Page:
John Francis Daley and Jonathan M. Goldstein, the co-directors of the new comedy Game Night, also co-wrote the two Horrible Bosses movies, and specialize in an oddly specific kind of comedy. One in which a group of bourgeois white adults, led by Jason Bateman, get pulled into the criminal underworld through unlikely circumstances, having to go nervously toe-to-toe with tough guys, and somehow holding their own.
Tiresome as this sort of comedic tack is, Game Night finds success in it, thanks mostly to a deep cast, led by a strong central couple and a breezy tone. It’s uneven, and the plot won’t win any awards for plausibility, but overall the film delivers quality laughs.
Coming from a script by Mark Perez, Game Night offers a garden-variety high-concept comedy hook. A couple (Bateman and Rachel McAdams) enjoys weekly game nights with their friends, even though they’re nervous about their creepy cop neighbor (Jesse Plemons), as well as an upcoming visit by Bateman’s more successful brother (Kyle Chandler).
The brother, though, soon hijacks game night and turns it into a real-life “game”—remember the David Fincher/Michael Douglas movie The Game—and we’re meant to wonder what’s real and what’s not, especially once actual violent criminals become part of the equation. The plot takes us through chase scenes, brawls, and an attempt to steal a rare Fabergé egg.
The plot is wildly convoluted, reminiscent of one of those 1990s thrillers that had a game-changing plot twist about every 10 minutes. The script is too reliant on pop-culture in-jokes that are likely to instantly date it. But the spirit of fun is such that I didn’t really mind. Game Night also moves quickly, and wraps up in just over 90 minutes. You wouldn’t think “Fincher’s The Game, except it’s a comedy” would sustain an entire movie, but it actually does.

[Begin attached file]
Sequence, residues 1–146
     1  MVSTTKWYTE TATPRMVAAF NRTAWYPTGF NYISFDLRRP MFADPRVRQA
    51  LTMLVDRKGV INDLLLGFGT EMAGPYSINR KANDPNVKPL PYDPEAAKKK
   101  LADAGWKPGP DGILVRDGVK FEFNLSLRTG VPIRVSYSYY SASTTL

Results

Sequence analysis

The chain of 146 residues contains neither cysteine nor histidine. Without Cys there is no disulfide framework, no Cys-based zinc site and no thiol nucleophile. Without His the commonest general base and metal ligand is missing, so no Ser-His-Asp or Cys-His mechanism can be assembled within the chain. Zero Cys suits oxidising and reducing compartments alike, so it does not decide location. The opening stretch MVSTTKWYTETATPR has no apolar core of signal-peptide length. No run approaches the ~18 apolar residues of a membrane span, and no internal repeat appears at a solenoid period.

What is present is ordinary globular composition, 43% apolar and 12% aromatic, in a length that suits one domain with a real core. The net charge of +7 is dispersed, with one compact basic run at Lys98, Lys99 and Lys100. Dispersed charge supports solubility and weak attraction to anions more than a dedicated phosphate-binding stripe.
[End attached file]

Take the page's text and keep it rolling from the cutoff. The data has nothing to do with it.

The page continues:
The best part of the film is Bateman and McAdams, who are outstanding together, and appear to be a couple who actually like each other. The secondary couple—played by New Girl’s Lamorne Morris and Kylie Bunbury—isn’t far behind, thanks mostly to an inspired gag involving his attempts to guess which celebrity she once slept with. The other couple is man-child womanizer Billy Magnussen, who’s traded in his usual bimbos for a ringer (Catastrophe’s great Sharon Horgan) who might help him win the games.
Meanwhile Plemons, reunited with his old Friday Night Lights coach Chandler, has a rare outing in a comedy and makes the most of it, in a role that transcends stereotypes about both cops and creepy neighbors. There are also decent small roles for the likes of Jeffrey Wright, Danny Huston, Chelsea Peretti, and Michael C. Hall, who somehow looks as though he hasn’t aged a day since Six Feet Under went off the air in 2005.
Game Night isn’t anyone’s idea of an instant classic, but it’s still the most overachieving studio comedy in quite some time.